“There’s a lot of information out there that a disciplined campaign could use to say to Biden, ‘What you and your advisers were saying and doing then shows you didn’t have it right and all this criticism is Monday morning quarterbacking,’ ” Rove said.
Showing more discipline
One of the reasons Trump won in 2016 was that he began exhibiting more discipline in the final weeks of his campaign: less tweeting and trolling.
If he were to reprise that, perhaps he could get weary Americans to give him one last look.
“Trump must turn to the disciplined teleprompter demeanor he used during the last two weeks of 2016,” said Charlie Black, a veteran of many Republican presidential contests. “He must talk about two issues only: the economy and the Democrats’ plan to pack the Supreme Court.”
But in 2016, Trump was not dealing with a pandemic. He was out-hustling Clinton on the campaign trail every day, and she was dealing with a daily influx of bad news.
And if there is anything the political world has learned over these past four years, it is that Trump does not pivot. If he is getting take-the-high-road advice from his strategists, there is no sign that he is following it, as despondent Republicans were reminded this week when he started attacking Fauci.
A Biden stumble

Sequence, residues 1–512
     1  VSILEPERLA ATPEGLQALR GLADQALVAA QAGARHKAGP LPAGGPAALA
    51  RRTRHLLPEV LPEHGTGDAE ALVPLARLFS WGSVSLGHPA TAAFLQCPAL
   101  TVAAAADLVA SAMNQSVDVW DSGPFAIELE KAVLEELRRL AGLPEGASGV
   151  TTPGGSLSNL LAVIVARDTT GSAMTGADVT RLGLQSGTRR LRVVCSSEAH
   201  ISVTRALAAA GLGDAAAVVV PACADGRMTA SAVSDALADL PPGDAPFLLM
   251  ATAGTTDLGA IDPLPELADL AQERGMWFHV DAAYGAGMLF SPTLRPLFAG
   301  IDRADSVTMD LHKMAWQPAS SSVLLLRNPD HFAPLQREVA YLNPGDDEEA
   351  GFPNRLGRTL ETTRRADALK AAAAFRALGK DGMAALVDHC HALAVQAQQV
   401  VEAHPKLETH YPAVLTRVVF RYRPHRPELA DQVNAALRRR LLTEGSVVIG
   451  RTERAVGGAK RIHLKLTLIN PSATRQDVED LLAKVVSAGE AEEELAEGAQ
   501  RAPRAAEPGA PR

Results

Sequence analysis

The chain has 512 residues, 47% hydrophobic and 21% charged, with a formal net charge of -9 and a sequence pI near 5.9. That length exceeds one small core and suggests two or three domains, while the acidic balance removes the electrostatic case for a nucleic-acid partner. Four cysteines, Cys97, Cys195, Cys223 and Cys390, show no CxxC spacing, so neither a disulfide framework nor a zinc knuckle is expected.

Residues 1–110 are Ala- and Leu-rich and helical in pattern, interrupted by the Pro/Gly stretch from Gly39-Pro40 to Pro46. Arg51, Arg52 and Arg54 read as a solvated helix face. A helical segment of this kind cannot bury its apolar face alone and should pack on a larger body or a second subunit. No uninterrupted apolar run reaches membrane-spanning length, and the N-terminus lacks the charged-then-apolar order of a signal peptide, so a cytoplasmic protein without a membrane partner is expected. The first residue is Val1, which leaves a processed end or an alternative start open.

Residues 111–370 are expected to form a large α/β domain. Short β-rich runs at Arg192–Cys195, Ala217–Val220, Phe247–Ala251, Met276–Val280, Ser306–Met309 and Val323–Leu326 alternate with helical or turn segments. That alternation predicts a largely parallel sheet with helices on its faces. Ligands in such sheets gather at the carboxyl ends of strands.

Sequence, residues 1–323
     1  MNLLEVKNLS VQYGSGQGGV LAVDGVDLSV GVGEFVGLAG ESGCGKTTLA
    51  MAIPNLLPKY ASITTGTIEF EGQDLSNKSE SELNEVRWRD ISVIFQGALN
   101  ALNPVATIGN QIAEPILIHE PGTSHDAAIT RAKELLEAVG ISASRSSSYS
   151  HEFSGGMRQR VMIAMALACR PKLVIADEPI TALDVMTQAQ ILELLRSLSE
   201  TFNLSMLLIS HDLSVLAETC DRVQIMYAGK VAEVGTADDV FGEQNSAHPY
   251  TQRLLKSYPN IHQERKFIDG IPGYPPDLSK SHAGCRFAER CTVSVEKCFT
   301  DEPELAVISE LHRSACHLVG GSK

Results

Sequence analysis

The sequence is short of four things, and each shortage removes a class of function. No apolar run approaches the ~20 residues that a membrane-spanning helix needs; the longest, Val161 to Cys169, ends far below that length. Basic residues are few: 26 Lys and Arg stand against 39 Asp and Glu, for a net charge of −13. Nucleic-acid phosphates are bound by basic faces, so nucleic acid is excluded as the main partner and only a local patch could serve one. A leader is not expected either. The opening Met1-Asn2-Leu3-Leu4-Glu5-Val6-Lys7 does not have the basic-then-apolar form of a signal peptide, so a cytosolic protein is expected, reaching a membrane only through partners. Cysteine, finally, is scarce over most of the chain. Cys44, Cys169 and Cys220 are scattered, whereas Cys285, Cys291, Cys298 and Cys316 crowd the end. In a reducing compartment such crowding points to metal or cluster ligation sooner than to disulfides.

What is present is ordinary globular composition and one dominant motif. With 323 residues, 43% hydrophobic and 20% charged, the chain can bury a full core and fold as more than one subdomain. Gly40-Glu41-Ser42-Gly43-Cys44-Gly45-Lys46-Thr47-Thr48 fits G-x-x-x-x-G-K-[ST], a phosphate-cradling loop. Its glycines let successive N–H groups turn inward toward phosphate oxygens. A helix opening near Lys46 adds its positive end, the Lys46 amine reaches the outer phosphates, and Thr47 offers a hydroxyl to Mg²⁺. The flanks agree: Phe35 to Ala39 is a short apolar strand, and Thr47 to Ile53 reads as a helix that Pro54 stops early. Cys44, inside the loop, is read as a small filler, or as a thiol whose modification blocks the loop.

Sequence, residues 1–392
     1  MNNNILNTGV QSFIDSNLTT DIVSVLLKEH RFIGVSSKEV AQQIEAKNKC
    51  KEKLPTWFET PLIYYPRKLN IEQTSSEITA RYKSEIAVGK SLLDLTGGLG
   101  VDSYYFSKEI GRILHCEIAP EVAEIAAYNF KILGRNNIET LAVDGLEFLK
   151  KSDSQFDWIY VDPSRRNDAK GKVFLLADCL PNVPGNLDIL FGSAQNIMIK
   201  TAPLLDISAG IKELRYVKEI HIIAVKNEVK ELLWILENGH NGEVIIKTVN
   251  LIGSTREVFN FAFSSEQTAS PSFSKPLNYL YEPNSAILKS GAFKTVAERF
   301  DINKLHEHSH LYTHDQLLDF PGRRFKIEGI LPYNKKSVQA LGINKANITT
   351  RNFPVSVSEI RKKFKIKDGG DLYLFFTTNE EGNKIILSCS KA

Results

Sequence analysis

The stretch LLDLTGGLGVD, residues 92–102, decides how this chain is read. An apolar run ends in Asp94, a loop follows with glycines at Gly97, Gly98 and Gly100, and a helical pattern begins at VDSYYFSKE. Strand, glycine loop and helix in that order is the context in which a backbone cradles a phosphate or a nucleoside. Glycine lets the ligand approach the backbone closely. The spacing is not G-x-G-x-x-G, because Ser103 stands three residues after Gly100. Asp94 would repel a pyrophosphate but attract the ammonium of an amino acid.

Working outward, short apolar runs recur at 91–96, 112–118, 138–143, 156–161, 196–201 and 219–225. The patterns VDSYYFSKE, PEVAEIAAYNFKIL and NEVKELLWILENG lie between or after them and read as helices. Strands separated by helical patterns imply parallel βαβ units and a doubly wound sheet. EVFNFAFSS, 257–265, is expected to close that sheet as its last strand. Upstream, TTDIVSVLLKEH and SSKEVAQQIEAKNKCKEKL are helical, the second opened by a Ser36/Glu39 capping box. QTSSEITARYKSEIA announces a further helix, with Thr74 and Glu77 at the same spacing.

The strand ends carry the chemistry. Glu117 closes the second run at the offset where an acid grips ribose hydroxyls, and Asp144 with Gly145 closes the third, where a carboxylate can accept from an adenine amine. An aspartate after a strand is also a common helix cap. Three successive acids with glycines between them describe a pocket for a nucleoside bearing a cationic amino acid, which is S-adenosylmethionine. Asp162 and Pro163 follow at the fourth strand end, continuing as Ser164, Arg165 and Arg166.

Trump has always counted on Biden having a mental lapse that would underscore the president’s contention that the former vice president has lost something on his fastball. Biden has provided plenty of missteps over the years to encourage that kind of hope. But that did not happen at the first debate, and Trump has been frustrated in his attempts to exploit Biden’s stumbles on the campaign trail.
There is one more debate and two more weeks of campaigning that will give Trump an opportunity to maintain pressure on his opponent — with attacks on the business dealings of his son Hunter Biden, for instance — in hopes of forcing a mistake that could bring back some swing voters whom Trump has lost.
Suppression and challenges
Republicans have been trying, with legislation and court battles, to restrict absentee balloting, which could make the difference in a close election.
“Surround the counters; find friendly governors and commissioners who won’t certify the vote,” said Susan Estrich, who managed the 1988 presidential campaign of Michael Dukakis. Stuart Stevens, a Republican consultant who is now a critic of the president, said that Trump’s “only realistic hope is voter suppression through every means possible.”
Trump has surprised the world before. But even accounting for his loyal base and his tenacity as a campaigner, Republicans and Democrats say Trump’s political future may now be out of his hands.
“It’s been locked in for months and is now moving away from him even further post-debate,” said Mark Salter, a senior adviser to Sen. John McCain, the Republican presidential nominee in 2008. “I suppose some unforeseen catastrophe or huge Biden mistake might reverse the trend, but it seems pretty clear that a majority of voters want to get Trump the hell out of there before he screws up even more.”

Source From : Times Of India

Related Articles

Leave a Reply

Your email address will not be published. Required fields are marked *